Pectoral Sandpipers look better then ever in this season and perform booming display flights
Pectoral Sandpipers look better then ever in this season and perform booming display flights (Sam Woods)

Phalaropes are also plentiful, with both Red-necked and Red Phalaropes both often seen in numbers of hundreds in a day, and so confiding you can sometimes get the tip of your boot in the same photo! We’ll also check for Snowy Owls along the Cake Eater Road, which also hosts Short-eared Owls too. Off of Point Barrow we will scope the sea ice, which stretches well into the distance, as occasionally a Polar Bear wanders nearer town, although we still need patience and a dose of good fortune to find one. Other birds we are likely to see around Barrow include Hoary Redpoll, large numbers of Snow Buntings and Lapland Longspurs, and breeding Pacific Loons, in their gorgeous velvety breeding plumage at this time of year. These two nights will also be spent in Barrow.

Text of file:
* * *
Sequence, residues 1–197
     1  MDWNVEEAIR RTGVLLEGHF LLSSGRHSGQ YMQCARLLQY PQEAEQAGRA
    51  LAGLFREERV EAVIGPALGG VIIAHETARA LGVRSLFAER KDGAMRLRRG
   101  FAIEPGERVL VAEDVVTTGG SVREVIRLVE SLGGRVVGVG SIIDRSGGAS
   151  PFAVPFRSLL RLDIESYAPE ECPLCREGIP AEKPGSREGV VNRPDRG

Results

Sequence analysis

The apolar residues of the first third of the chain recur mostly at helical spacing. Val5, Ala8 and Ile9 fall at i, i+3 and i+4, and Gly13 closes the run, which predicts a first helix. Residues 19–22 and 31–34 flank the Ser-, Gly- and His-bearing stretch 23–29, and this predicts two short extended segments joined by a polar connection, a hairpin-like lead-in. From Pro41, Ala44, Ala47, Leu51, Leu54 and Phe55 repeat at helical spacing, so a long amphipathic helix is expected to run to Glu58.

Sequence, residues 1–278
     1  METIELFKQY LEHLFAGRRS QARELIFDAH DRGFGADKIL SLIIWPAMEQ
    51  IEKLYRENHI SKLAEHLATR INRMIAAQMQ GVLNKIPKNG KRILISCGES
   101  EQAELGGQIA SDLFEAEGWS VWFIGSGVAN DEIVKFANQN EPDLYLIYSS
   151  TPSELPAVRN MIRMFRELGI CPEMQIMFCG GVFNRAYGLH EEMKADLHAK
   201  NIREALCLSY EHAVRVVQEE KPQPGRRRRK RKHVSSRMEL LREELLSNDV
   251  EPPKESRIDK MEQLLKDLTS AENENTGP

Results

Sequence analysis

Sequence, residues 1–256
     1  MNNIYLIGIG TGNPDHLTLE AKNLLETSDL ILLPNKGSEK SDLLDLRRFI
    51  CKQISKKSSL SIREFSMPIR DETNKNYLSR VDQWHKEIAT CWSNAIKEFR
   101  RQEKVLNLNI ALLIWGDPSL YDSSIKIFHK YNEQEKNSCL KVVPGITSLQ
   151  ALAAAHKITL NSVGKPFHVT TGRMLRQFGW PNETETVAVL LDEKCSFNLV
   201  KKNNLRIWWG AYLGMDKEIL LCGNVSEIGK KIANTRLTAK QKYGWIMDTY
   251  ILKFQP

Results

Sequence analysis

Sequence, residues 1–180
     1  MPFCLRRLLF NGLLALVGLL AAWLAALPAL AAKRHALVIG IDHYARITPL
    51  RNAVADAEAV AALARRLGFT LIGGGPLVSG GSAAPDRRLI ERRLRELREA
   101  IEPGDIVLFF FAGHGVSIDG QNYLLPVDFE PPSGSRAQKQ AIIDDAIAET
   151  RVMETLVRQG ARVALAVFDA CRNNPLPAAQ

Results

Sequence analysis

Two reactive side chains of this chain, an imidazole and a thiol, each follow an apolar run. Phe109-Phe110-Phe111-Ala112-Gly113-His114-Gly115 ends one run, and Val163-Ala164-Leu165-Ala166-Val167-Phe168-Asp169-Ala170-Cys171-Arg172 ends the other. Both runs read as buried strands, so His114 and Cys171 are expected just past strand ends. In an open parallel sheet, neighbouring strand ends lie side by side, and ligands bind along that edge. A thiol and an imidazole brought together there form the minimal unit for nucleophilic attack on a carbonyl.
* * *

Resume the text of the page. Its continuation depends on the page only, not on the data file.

A King Eider drifts past on glassy waters in Barrow
A King Eider drifts past on glassy waters in Barrow (Nick Athanas)

Day 13: Barrow to Anchorage. After a final morning, taking ever more photos of the many photogenic birds of Barrow, we will fly south back to Anchorage for a final night.

Day 14: Departure from Anchorage. A hotel shuttle will be provided to take you to the airport for whenever you need it for your flights out.

Willow Ptarmigan is notoriously tame and photographable
Willow Ptarmigan is notoriously tame and photographable (Sam Woods)

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EXTENSION OPTIONS

St. Paul Island (Pribilofs) Pre-tour Extension (4 days)

Tufted Puffins come ashore in spring to nest on the cliffs on St. Paul
Tufted Puffins come ashore in spring to nest on the cliffs on St. Paul (Sam Woods)